Population Statistic: Read. React. Repeat.
Wednesday, March 24, 2021

When it comes to Italian populism, purple is the new black:

The Purple People, who are not affiliated with any party, say they chose purple because it is not traditionally associated with politics, like red or blue. They contend [Premier Silvio] Berlusconi is undermining Italian democracy through his concentration of power and alleged use of his position to quash corruption probes…

But whether the frustration of the Purple People will translate into votes for the Democratic Party — which they often accuse of being too weak in its opposition to Berlusconi — or will instead go to more radical leftist groups, remains to be seen. Largely, it will depend on the parties’ ability to meet the Purple People’s demands, such as their plea for ethics in politics, says Professor James Walston of the American University of Rome.

The Purple People “do have an ideology, they do have a sense of identity,” he said. “They want to act as a stimulus to the regular parties.”

Yes, there are parallels to the Tea Party movement in the U.S., particularly in the reaction to business-as-usual in the chambers of power. But it’s more of a seismic shift in Italy, where — like the rest of Europe — party politics are considered the only channel for effecting widespread civic change (that, or going the militant route, which is less optimal in modern Continental affairs).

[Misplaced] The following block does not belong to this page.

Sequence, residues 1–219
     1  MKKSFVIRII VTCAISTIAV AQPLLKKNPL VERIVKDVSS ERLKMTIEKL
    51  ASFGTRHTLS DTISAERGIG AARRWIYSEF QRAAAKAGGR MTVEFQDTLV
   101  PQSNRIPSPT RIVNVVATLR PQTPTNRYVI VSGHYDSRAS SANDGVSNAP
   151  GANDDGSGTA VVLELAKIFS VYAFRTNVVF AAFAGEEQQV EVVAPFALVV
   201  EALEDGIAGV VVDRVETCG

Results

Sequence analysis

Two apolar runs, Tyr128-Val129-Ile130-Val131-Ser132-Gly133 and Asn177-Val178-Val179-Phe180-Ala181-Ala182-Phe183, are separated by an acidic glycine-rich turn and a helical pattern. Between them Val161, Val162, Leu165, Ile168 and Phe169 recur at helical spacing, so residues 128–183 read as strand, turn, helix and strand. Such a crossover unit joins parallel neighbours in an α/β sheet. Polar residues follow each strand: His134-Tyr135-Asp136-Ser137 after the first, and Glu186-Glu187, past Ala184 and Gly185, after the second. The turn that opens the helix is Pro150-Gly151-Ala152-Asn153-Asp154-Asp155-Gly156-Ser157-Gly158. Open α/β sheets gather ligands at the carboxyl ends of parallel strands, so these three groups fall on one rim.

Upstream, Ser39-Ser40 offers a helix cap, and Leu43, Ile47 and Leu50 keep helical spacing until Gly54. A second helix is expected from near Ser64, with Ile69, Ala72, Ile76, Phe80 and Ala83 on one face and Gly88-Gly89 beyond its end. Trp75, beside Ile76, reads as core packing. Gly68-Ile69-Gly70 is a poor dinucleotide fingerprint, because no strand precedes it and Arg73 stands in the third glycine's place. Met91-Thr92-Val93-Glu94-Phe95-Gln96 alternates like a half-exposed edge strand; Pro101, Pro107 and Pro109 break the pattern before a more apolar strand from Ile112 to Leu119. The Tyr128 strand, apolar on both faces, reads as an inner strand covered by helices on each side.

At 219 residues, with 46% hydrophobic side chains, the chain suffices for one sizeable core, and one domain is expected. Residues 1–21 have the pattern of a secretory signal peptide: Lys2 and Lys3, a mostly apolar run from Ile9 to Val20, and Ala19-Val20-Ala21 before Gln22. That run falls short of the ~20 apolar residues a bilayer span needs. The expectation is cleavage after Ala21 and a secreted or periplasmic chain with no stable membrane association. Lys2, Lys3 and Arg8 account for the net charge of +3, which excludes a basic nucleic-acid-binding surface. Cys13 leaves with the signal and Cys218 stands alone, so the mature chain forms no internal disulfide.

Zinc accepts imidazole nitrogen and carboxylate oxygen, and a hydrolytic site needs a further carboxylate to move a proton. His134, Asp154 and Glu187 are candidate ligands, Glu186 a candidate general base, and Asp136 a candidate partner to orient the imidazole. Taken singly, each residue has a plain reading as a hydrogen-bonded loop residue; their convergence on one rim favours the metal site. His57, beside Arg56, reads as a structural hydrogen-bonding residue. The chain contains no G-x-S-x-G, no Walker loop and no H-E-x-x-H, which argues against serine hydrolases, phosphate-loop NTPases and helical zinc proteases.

The color-coding of political sentiments is a nice touch. In this instance, it echoes the Orange Revolution in the Ukraine from a few years back. What happens when the standard palette of hues are exhausted? Hexadecimal movements for future upheavals?

by Costa Tsiokos, Wed 03/24/2010 03:13 PM
Category: Political, Society
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Insofar as I keep track of the political turmoil in Somalia, or the rest of Africa, the following summation of the apparent late decline of the Islamist militant group Shabab seems fitting:

Defectors said the Shabab have begun plucking children off soccer fields, taking them to secret training camps, brainwashing and drugging them. The Shabab seem to be traveling down the same degenerative path of countless other African rebel groups that began with a discernible ideology, but then turned to terrorizing the very people they were supposed to liberate.

Children soldiers are a distinct part of that degenerative path: The same pattern was found in recent years in Liberia, Congo, and Rwanda. Certainly, other Third World trouble-spots see children swept up into strife as well; but it seems to be a chronic, generational problem south of the Sahara.

As far as the wider issue of would-be liberators morphing into exploiters: It’s also not unique to Africa. But the perpetually undeveloped infrastructure in places like Somalia makes for an ineffectual popular base, that any activist group (militant or peaceful) can’t count upon for much. Once that’s apparent, coercive action against the population becomes the unfortunate reaction, continuing an even more unfortunate socio-political cycle.

by Costa Tsiokos, Wed 03/24/2010 02:49 PM
Category: Political, Society
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